   revisits and monitoring to monitor seed bank
       promote individual landholders and other departments on their lands and
        monitor populations and impacts of target pest;
       Facilitate public awareness programs such as displays at local field days and
        run tool box talks etc. with landholders in high risk areas.

                                                                                          Page 8
Project partners: Mareeba Shire Council, landholders, Biosecurity Queensland, Mitchell River
Watershed Management Group

      5.6   Four Tropical Weeds Eradication Program - Mikania vine,
            Miconia spp., and Koster’s curse
Goal: In partnership with Four Tropical Weeds to locate and control all infestations within the
Shire with the aim to eradicate.
Performance Indicator: Surveys completed within management areas, all target weeds located,
mapped and treated with no reproductive events.
Strategic Action:
     Participate in survey and control program
     To ensure that all infestations located are controlled prior to seeding;
     Assist or facilitate public awareness programs such as displays at local field
        days and run tool box talks etc. with landholders in high risk areas;
     .
Project partners: Four Tropical Weeds Eradication Program, Mareeba Shire Council,
Queensland Parks and Wildlife Service

6.0   Desired outcomes
The desired outcomes proposed for this plan are consistent with those of the state weeds and
pest animal strategies (developed in accordance with the requirements of the Act and are
central to the success of pest management activities.

Desired outcome 1 - Stakeholders are informed, knowledgeable and have ownership of weed
and pest animal management.

Desired outcome 2 - All stakeholders are committed to and undertake coordinated
management of weeds and pest animals.

Desired outcome 3 - Strategic directions are established, maintained, and owned by all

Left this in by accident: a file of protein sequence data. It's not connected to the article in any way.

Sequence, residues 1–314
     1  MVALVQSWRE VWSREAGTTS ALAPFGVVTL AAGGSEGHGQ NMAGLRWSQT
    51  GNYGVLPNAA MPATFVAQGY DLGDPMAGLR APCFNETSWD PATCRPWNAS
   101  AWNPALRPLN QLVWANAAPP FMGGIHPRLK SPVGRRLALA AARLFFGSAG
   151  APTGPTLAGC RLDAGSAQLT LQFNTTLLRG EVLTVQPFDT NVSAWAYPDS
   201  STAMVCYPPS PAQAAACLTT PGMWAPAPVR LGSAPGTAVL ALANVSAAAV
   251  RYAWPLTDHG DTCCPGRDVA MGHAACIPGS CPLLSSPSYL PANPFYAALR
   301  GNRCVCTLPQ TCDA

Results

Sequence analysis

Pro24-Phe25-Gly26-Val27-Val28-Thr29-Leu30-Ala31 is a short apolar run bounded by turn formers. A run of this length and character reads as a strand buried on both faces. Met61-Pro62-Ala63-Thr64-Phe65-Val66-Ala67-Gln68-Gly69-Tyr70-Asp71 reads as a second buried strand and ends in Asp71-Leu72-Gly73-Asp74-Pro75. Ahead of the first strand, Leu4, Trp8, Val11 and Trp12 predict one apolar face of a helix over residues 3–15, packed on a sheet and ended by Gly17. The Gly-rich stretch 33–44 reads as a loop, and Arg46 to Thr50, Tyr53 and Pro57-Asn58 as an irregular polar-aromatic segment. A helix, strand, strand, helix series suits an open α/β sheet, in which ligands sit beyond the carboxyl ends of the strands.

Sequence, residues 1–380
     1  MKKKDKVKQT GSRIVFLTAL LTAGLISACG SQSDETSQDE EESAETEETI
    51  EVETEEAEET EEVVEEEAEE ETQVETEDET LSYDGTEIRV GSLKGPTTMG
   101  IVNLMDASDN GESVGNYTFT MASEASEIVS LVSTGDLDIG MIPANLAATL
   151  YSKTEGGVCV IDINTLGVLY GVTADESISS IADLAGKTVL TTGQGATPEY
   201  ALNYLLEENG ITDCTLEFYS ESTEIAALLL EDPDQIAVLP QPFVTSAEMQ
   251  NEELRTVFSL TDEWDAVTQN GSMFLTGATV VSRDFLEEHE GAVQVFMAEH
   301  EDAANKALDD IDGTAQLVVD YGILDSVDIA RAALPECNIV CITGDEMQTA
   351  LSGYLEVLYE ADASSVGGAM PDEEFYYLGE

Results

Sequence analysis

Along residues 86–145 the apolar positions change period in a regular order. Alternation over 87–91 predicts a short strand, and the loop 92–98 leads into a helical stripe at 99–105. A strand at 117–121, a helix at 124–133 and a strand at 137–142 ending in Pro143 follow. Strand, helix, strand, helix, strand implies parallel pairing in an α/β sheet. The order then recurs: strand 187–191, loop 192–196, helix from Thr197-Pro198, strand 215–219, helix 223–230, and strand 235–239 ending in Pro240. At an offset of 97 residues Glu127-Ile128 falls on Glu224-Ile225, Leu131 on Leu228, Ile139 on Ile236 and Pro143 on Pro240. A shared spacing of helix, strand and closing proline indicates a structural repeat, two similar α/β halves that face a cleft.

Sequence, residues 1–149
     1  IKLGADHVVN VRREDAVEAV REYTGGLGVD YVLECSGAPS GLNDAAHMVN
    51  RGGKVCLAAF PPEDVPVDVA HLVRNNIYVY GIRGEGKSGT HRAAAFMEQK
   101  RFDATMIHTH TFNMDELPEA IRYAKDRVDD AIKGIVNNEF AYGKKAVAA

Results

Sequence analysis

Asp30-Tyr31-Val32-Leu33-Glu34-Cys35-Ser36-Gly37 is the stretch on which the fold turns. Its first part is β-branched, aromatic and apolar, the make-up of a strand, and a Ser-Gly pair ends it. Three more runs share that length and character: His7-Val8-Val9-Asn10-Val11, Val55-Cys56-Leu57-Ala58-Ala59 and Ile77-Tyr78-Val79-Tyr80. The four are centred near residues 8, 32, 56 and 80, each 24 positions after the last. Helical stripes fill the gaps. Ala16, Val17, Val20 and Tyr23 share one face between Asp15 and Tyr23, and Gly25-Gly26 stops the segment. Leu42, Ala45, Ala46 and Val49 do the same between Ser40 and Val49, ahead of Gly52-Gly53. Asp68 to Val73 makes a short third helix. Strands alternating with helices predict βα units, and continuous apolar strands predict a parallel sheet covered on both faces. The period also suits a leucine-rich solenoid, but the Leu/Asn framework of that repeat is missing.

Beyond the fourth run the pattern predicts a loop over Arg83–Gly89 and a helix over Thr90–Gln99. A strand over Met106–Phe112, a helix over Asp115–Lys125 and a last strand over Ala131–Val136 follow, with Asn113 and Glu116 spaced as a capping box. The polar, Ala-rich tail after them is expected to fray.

stakeholders.

Desired outcome 4 - The introduction, establishment and spread of weeds and pest animals
are prevented.

Desired outcome 5 - Integrated systems for managing the impacts of established weeds and
pest animals are developed and widely implemented.

                                                                                         Page 9
6.1    Desired Outcome 1: Stakeholders are informed, knowledgeable and are committed to pest weed and
              animal management
           Principle          Issue                Strategic Objective                  Strategic Actions                     Success Criteria                   Success Indicators
Public Awareness           Awareness         Community, industry,           The LGAPMP is available from Council's      The degree to which public       Copies available for viewing in
                                             agribusiness and government    Offices, website and other partners         awareness programs               Council's Office and Library
                                             awareness and knowledge of                                                 address the public's
                                             weeds and their impacts are    Factsheets for pests declared under         knowledge gaps                   Factsheets for all locally declared
                                             increased over the next four   model local laws are developed                                               plants available
                                             years
                                                                            Pest Management displays are                                                 Number of presentations made
                                                                            presented at the FNQ Field Day & other
                                                                            opportunities (i.e. Landcare, Agforce,
                                                                            Catchment Group meetings)